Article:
All great stories have really good antagonists.
No matter how bad they are, we can’t write them off. They may be murders or masochists, yet there’s something in them we see in ourselves. It can be terrifying.
That’s why I like to only consider antagonists while at the movies, reading a book or at a play. The idea there may be one in my own story makes me not want to write this post. (The reality is I’ve been avoiding writing it all day…)
The more we get clear on who–or what–is the antagonist in our current story, the more directly we’re able to move toward our desires, dreams and goals.
So, today’s post is about naming that external conflict/antagonist in our story. For most of this, it’s not easy. Rarely do our stories play out with the precision of screenplay scripts. And if you’re like me, you’ve deftly constructed a world without enemies (mainly to avoid conflict). I realize this is a fortune that many in war-torn countries around the globe don’t have.
Here our antagonists tend to be more subtle and more subversive.
A few years back I attended a film festival where John Bucher, a gifted screenwriter and teacher, spoke about the antagonist in story. He shared this:
“If you can get your bad guy right, you can likely get the good one. One of the most powerful things you can do is make the good and bad guys related. You can’t get away from those you are related to. The closer in relationship the more powerful the story.” [Classic example: Star Wars.]
Here’s the dark reality: those we love dearly can be antagonists in our stories…and we can be antagonists in theirs.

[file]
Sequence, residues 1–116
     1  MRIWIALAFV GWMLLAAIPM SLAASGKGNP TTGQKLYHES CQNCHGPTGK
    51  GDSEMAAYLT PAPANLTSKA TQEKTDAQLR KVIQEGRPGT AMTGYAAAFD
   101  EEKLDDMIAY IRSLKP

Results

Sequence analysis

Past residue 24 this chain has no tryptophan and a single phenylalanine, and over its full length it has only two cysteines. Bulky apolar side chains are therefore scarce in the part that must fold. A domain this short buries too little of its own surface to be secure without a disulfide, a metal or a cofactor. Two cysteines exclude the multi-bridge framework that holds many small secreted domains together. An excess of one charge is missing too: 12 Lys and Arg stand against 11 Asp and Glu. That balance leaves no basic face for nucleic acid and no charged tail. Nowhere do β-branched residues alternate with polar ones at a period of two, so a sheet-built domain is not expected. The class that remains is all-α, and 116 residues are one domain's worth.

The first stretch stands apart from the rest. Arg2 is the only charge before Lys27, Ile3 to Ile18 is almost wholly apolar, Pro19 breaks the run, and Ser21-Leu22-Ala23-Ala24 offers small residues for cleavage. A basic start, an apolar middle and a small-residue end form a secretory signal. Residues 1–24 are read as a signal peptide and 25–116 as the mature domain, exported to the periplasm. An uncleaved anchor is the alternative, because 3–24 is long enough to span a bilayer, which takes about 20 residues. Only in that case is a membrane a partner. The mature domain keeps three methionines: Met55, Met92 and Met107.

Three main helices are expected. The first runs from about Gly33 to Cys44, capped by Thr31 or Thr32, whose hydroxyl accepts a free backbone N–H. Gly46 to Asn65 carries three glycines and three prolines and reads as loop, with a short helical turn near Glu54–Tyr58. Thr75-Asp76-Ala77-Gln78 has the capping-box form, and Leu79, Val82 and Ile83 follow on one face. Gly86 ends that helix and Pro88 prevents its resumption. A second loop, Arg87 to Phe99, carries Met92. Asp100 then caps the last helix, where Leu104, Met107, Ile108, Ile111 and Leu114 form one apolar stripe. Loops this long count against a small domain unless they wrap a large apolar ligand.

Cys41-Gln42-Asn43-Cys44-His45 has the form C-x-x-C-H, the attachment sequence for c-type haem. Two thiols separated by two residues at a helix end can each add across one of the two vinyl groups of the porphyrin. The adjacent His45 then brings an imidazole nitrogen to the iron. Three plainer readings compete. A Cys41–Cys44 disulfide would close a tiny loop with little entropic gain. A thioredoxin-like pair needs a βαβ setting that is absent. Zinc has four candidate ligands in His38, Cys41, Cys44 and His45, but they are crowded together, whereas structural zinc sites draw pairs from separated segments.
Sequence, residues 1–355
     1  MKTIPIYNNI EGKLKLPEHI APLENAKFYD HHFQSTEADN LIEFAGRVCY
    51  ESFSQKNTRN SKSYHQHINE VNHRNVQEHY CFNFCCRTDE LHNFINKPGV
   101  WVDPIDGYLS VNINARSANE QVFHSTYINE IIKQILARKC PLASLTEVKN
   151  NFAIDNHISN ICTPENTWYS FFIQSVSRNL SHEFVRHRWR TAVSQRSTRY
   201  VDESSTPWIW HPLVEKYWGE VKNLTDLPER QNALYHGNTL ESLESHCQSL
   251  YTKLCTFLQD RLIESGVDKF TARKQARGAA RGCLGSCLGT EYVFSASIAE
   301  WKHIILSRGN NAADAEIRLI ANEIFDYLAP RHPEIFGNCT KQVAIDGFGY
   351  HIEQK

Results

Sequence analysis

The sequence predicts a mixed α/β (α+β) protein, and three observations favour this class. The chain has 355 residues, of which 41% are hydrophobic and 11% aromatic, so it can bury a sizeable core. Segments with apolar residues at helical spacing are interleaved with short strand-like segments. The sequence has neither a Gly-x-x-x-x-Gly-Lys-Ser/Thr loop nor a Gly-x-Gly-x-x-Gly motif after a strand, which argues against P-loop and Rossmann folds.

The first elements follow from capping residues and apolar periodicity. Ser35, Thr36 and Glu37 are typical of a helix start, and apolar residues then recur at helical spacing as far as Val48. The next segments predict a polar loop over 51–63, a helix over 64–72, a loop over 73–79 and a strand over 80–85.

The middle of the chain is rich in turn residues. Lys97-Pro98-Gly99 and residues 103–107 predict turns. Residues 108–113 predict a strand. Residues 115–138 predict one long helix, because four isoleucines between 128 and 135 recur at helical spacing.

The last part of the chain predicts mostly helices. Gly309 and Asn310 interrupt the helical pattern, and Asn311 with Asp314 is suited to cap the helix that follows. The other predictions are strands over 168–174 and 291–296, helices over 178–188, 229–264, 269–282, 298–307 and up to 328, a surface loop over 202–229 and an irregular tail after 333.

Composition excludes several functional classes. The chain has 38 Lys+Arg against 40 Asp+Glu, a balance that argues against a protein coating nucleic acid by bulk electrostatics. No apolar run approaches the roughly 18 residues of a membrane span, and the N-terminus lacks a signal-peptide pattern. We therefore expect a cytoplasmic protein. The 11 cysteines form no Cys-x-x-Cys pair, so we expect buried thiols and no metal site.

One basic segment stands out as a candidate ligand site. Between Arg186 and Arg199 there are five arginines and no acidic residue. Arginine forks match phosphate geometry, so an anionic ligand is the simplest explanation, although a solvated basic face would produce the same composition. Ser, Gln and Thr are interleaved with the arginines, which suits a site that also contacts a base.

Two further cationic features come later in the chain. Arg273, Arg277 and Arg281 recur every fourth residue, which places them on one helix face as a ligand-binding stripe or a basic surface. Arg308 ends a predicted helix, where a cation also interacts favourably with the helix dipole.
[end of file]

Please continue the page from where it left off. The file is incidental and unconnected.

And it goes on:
And as I said, this antagonism is not often overt…and many times unconscious.
To reference another John…John Gottman, a renown psychological researcher and clinician. He talks about how one of the most damaging things to relationships is when one feels like the other holds his/her dream captive.
It’s those little ways we block one another’s dreams that turn into those little resentments that then block little expressions of intimacy…that then turn into big trouble.
And here’s the crazy thing: when it goes unnamed it gains power. Someone we love may be blocking our dream just a little because we’re blocking his/hers…because our dreams may be tied to competing values. Or our private logic may oppose one another without even knowing it.
But there’s hope.
When you think about the desire/dream you’re chasing in this season ask: Is there someone I love that seems to make it more difficult or I assume will not support it? Who is it?
Rather than going all Kill Bill as you think of that person…get curious. Consider what he or she may be wanting/needing? Could your desire be threatening his/her dream?
Let your curiosity entice you towards empathy. How might that person be experiencing your desire? What feelings and thoughts are being provoked in him/her as you chase it?
And now for an even tougher challenge, let curiosity and empathy call you to a courageous and loving conversation. Instead of accusing your antagonist, create a space for him or her to share. Be poised to receive it with empathy.
Brene Brown says it beautifully:
“If we can share our story with someone who responds with empathy and understanding, shame can’t survive.”
I believe resentment can’t survive either.
So…Who or what is holding your dream hostage?
Your mission, if you choose to accept: Initiate a courageous and loving conversation with that person. Be curious and empathetic.
And for extra-credit consider this: Whose dream can you set-free?
Answering that one…well, that’s a call to true transformation…